Have a Purrrfect Lesson! (7 Lesson Ideas)

Have a Purrrfect Lesson!

If you’re not really into dark and grim Halloween but still want to enjoy some cheer, you will find my ideas quite inspiring. Here’s what I thought – if I were to prepare a lesson that may be perfect for Halloween… but not too halloweenish, I’d go for something that may symbolise Samhain, but not overly extravagant.

Hence – cats. Mysterious, dangerous, but also fluffy and adorable. Black – associated with witches and demons, but also most likely to be left in shelters. You may talk about cats not only during Halloween, believe me – I can talk about cats all year long, but since I do realise not everyone is cat-crazy, I only stuck to seven activities you may enjoy in your classroom with both younger and older students.

Scaredy Cat (for young learners)

It’s an adorable story by Heather Franzen and everytime I look at it I love it even more. A charming story of a tiny kitten that goes on the Halloween adventure and meets an unlikely friend is a tale everyone will enjoy.

I wrote some lesson ideas on how to use it in your classroom, so all you need is click here and prepare for awwwww

Kitbull (for teenagers)

Kitbull is an endearing story by Pixar and a few months ago I wrote the whole lesson plan you may use to talk about unlikely friendship, animals’ rights and the power of trust. All you need to do is click here!

Everybody Wants to Be a Cat (for teenagers and adults)

Do you remember this classic by Disney:

And the idea for the activity is simple: to find the answer to the question why everybody wants to be a cat? Why are cats the overlords of the internet, the royals of memes, the owners of our hearts?

This exercise may be an interesting challenge for people who actually dislike cats, but this is exactly why I enjoyed it with a group of doggy-fans. Looking for logical reasons for which cats, to put it bluntly, rule, was a really interesting experience. Naturally, the reasons were not fully logical (“witchcraft, witchcraft, cats are the spawn of satan”), but fun nonetheless.

And to be honest, it was somewhat predictable to see cat-lovers never minding statements about cats being the spawn of satan…

For Cat’s Eyes Only (for teenagers and adults)

Have you ever tried to look at the world from a different perspective? What about the viewpoint of Mr Whiskers? John Wick wrote a funny little RPG called Cat: A Little Game about Little Heroes, where you impersonate a feline character and embark on many adventures (no, it’s not the film John Wick, and he’s into dogs anyway).

The idea is simple: try to describe something from a cat’s perspective. Like, a classroom – it’s completely different when basically you’re very small. Try something more challenging – describe crossing the road as a cat. Or a bath. Or, if you’re really into Halloween mood, a vet appointment.

This task may look very simple, but I tried it with various groups and it always brings us some surprises and discoveries – the world seen from 20 cm above the ground does look different!

I also used this activity as a warm-up when we discussed disabilities, it was way easier for my students to open up to others’ difficulties.

Purrr me a story, fluffy storyteller (for teenagers and adults)

Have you ever wondered what a story would look like if it was told by a feline? Imagine Hansel and Gretel told by the witch’s favourite pet? Or Cinderella – picture a fat cat smiling lazily and purring something like “a little mouse told me…” Yikes!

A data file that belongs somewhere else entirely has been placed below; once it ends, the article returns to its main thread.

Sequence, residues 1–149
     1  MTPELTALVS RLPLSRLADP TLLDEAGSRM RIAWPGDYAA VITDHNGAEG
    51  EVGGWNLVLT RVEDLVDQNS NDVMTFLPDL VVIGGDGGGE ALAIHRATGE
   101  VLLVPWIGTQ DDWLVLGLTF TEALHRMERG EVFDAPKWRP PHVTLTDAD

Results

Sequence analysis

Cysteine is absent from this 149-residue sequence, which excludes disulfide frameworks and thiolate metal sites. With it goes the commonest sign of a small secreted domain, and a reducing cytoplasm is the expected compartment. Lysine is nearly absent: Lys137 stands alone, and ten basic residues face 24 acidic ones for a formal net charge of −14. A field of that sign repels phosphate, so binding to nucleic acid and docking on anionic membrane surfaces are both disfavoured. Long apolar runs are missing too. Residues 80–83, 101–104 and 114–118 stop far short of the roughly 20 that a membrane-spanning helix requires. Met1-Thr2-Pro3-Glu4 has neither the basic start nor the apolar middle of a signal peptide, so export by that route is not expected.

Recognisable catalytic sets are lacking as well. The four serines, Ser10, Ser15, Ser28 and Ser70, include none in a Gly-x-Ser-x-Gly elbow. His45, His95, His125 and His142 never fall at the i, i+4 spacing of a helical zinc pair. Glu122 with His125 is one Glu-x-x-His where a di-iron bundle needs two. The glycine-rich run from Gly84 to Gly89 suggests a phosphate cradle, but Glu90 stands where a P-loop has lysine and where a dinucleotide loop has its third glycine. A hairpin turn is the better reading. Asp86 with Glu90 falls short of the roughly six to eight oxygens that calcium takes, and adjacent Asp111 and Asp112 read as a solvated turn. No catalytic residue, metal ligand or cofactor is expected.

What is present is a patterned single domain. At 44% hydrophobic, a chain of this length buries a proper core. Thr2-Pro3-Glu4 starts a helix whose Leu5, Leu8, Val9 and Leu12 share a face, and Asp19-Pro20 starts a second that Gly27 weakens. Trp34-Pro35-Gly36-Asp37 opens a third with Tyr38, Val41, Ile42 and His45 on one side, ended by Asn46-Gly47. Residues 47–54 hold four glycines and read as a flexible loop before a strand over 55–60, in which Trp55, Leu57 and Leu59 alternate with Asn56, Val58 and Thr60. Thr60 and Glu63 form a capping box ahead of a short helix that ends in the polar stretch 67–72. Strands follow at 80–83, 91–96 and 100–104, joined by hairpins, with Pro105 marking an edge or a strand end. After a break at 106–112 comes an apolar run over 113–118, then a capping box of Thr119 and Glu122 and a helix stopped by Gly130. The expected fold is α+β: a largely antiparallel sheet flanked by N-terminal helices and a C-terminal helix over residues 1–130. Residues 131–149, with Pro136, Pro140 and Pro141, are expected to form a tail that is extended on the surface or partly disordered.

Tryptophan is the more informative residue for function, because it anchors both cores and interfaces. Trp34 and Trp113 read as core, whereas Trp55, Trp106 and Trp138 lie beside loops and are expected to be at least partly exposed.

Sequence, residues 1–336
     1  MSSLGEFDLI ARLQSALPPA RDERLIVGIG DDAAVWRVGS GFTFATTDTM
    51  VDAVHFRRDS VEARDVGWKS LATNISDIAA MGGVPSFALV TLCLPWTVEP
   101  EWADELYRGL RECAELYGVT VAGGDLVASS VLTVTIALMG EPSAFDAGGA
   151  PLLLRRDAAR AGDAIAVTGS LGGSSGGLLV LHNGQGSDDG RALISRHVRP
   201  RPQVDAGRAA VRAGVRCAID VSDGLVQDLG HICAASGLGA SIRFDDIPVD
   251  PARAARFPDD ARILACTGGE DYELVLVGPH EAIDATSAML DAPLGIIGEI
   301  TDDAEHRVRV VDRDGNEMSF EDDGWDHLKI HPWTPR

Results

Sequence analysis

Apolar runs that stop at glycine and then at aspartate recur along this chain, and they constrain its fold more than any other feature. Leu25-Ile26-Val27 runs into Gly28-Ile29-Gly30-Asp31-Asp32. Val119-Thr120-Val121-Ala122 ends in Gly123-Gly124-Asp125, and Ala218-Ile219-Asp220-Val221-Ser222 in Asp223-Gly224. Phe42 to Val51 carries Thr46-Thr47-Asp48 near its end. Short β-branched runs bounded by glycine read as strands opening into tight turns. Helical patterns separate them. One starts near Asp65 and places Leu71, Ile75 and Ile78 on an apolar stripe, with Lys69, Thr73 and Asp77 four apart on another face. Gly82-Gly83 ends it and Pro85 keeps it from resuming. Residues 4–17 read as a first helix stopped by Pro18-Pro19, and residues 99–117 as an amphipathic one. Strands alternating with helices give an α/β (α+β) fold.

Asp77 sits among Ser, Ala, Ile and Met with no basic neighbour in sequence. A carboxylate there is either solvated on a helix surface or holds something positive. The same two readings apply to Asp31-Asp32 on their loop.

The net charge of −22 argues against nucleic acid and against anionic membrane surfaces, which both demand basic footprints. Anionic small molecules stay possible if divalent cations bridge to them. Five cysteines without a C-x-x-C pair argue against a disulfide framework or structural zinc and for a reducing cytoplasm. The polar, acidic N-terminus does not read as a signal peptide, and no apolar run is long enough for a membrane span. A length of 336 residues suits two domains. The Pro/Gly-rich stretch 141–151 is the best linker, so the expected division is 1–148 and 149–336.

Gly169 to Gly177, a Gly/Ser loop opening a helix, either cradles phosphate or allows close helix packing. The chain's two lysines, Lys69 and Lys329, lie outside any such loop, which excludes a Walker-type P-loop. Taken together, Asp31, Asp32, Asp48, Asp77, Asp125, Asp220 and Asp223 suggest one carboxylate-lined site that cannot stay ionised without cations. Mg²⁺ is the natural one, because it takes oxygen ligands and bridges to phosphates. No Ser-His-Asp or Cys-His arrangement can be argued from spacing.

But stories are not only fairy tales. Try to describe a historic event from a cat’s perspective. What would Marie Curie’s cat tell about her everyday life? Or about Adolf Hitler, a well-known supporter of animal welfare? This activity will make your students not only communicate in English, but also do some proper historical research.

Pretty much, pretend you’re a cat… for science!

As you can see – these are but few ideas, there are as many options as hairs on my cats’ fluffy tails. I hope you’ll have fun 🙂


And yes, this cat in the picture is my cat. His name is Nyarlathotep and he is one of the reasons I have instagram 🙂

More stories: StoryBits

More stories_ Storybits

It looks like November is more of a storytelling month than I thought – last week I shared the storytelling coursebook (remember about the contest, you can win a copy of the book!), and today I’ll show you the magic of pictures: Storybits.

The universal way of communication – images, are here employed to help develop stories and boost language skills.

Eight characters that are really relatable only wait for your students to give them names, create background stories and take them on the adventure. 54 scene-cards you may use to prompt the story because the authors themselves remind you that hey, scene-cards are just the inspiration, the story is all yours.

And frankly, this immediately made me warm up to the project!

What I really like about StoryBits is that you will find some examples of how to use them for teaching vocabulary, writing, speaking and grammar. You will also find some ideas for running collaborative and competitive storytelling (which is brilliant as some groups respond better to teamwork and others prefer a touch of competitiveness). You need more? No need to ask – you will also find some sample (and simple) activities that will rock your classroom.

If not enough, go to mystorybits.com where you will find even more tips and ideas.

Naturally, I had to come up with slightly more wicked activities…

What could possibly go wrong?

Pick any scene-card and simply describe what’s on the picture. The question is simple – what could possibly go wrong? You could add a bit of competitiveness by dividing your students into teams and making them come up with as many misfortunes as they can only think of. The winning team is the one that creates the highest number of hardships… But don’t forget to acknowledge those who are the most creative!

I didn’t do my homework…

I do understand my students tend to forget about their homework, I used to forget about it as well. One of my favourite activities about homework demonstrates we can get pretty creative when it comes to finding excuses. Now, you can use Storybits to make the excuses even more creative. Just pick a random card and try to make a story imagining the situation prevents the main characters from completing their homework before the next day lesson. So here they are, facing the teacher and trying to explain why they didn’t do their homework.